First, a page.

In my vast experience as a BI and data integration consultant … (Okay now is when you think to yourself, “Wait, she looks pretty young, so how vast is it really? I mean, she can’t be more than 32 or 33…”) Anyway, as I was saying, in my vast experience I’ve noticed a few consistent truisms. The one I’ll share with you today is that people like the “people stuff.”

That’s right. When faced with a choice of “What,” “How,” “Why,” or “Who?” people invariably opt for the “who.” Before you can get the words “data stewardship” out of your mouth, someone is asking, “Well, who should do that?” It’s as if team members are so many pieces on a chessboard and by moving them around you can solve the company’s problems. When managers are tentative about how to move forward, they go with what they know: the people stuff.

Like everyone else, I’ve read “Good to Great” and have taken the “get the right people on the bus” maxim to heart. You can’t do what you need to do, and you can’t do it effectively, without smart, productive, creative workers. But the question remains: what do you need to do?

We see this a lot when we’re asked to design BI Competency Centers (a.k.a.: BICCs, a.k.a.: BI Centers of Excellence). Our clients want us to draft up new roles, introduce new titles, assess incumbent skills, develop training plans, and create hiring guidelines. Last year we even collaborated with a bank’s HR department to determine new KPIs for members of the new BICC team.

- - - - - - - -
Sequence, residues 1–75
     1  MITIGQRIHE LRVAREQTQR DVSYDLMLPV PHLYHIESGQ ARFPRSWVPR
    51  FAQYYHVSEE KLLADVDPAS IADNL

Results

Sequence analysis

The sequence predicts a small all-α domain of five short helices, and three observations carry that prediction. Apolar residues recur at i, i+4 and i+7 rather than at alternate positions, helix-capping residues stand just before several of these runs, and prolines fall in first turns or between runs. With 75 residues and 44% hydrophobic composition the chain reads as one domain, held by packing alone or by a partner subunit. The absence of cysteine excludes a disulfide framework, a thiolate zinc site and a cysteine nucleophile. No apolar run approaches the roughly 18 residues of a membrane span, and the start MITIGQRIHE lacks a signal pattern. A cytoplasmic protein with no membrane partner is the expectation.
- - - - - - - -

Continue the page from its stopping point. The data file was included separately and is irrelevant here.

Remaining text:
But BICC design involves more than just a bunch of smart people delivering reports. At least it should. Here are some other components of a BICC:

  • An intake process: How do new requests for BI help get vetted? What does the vetting process look like, and how do you communicate that to your vast (yes, that word again) community of BI constituents?
  • A prioritization process: How are new requests prioritized relative to other incoming requests? What are the metrics? How are they weighted?
  • Pipeline management: How is the BI development pipeline managed? What are the steps? Does the existing SDLC support business-driven requests? Are there SLAs?
  • Development hand-offs: How does a new requirement get translated from initial vetting and scoping and make it to developers?
  • Approval and escalation policies: Are there sanctioned ways of getting approval or exceptions for certain units of work? Say someone wants a simple report built, but then a higher-level executive requests a data extract? How are exceptions handled? What about a tiebreaking process?

There are others, but you get my point. Yes, there are “who” conversations tied to each one of these. But you shouldn’t start with the “who” until you know the “what” and the “why.” Moreover you really can’t adequately qualify the right “whos” until you understand the “hows.”
If your consultant or internal specialist starts a BICC conversation with an org chart, run. Run across the vast plane of asphalt that is your building’s parking lot, and drive across the vast geographical expanse that is the space between your company and its biggest competitor. And then get a job where you can practice your vast talents with a company that truly deserves them.